• Riding with one set of tires on the white lane markers (reduces friction but risks having a cyclist as a hood ornament);
  • Shifting into neutral and turning off the car when coasting (dangerous, because it eliminates power steering and brakes), or
  • Choosing not to drive in areas or at times of high winds (???).

Highly Modified CivicClearly, this stuff takes practice, planning, a bit of OCD, and a certain propensity to push the boundaries of legality and safety. Of course, the argument is that saving $ and the planet make it all worthwhile.

For anyone interested in reading more, here are a few good links with tips and descriptions of the hypermiling tricks:

We’d love to know what you do to improve your gas mileage – please leave some comments!

Want to Become a Hypermiler or Learn About Eco-Modding? Read on…

Image source: CleanMPG.com Photo Gallery



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About the Author

Low Impact Living™ is a way of life. We believe you want to lessen the load you put on the earth. You want to reduce global warming. You want to recycle. You want to do what's best for the environment, but often you don't know where to start. And you don't know what impact your efforts will have, or how much they will cost. At Low Impact Living, we want to help you lower the environmental impact of your home and your daily life. To do that, we help you find the best green products, practices and service providers to help you achieve your environmental goals. And we will also help you understand the environmental benefits and economic trade-offs of your choices. Our primary goal is to make the path from inspiration to implementation as short and as smooth as possible. Only by taking action will we collectively reduce the damage to our planet and ecosystems. Visit us at http://lowimpactliving.com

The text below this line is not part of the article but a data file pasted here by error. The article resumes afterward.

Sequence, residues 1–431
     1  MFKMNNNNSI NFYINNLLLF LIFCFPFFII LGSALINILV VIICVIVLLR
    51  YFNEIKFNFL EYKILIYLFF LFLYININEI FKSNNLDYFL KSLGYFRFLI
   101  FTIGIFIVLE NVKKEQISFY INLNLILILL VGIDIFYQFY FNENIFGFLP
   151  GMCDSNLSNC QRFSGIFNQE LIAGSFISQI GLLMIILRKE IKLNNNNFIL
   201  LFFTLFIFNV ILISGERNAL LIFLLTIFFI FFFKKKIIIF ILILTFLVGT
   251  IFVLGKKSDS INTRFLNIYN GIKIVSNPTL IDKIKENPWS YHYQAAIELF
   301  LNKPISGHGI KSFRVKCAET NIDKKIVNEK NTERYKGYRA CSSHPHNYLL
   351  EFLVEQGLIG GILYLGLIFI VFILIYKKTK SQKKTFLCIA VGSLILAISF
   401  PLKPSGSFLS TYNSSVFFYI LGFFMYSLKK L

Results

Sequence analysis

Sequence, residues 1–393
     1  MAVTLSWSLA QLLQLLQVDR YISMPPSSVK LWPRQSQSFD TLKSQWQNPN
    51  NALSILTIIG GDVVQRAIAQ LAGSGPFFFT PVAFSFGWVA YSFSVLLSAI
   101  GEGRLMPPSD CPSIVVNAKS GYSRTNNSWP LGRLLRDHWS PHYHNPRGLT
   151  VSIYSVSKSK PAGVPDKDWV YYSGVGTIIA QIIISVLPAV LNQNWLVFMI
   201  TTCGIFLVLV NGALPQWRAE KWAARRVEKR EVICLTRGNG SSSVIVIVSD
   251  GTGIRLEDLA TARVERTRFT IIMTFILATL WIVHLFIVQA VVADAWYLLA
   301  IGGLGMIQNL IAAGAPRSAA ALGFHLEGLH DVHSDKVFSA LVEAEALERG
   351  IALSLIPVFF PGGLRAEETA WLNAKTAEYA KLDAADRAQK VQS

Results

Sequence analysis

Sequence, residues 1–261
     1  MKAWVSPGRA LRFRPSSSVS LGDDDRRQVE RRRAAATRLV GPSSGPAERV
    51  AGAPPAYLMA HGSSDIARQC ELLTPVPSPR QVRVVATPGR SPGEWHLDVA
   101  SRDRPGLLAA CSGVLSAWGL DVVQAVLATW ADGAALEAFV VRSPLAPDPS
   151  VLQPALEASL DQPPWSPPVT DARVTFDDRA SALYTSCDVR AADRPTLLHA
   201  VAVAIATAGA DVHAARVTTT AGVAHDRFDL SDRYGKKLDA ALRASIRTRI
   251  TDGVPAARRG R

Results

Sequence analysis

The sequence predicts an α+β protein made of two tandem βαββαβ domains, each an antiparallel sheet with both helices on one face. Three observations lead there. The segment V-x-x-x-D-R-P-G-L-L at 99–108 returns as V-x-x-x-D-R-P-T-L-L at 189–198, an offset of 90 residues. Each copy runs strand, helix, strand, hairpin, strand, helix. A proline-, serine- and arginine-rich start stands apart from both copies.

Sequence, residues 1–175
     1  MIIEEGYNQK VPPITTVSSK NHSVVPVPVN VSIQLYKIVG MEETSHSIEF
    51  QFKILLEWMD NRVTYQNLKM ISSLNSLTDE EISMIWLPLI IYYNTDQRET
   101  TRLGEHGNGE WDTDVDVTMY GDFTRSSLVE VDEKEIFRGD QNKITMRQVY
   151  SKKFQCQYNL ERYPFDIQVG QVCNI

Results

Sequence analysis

• http://ecomodder.com Benjamin Jones

    Is the “wayne gerdes is god” show on again?

  • http://ecomodder.com Benjamin Jones

    Is the “wayne gerdes is god” show on again?

  • http://none Colin

    What a joke, how is this solving the greater problem?

    We need more attention on technological solutions that can be universalized economically, ecologically, and I wish I didn’t have to say this, legally.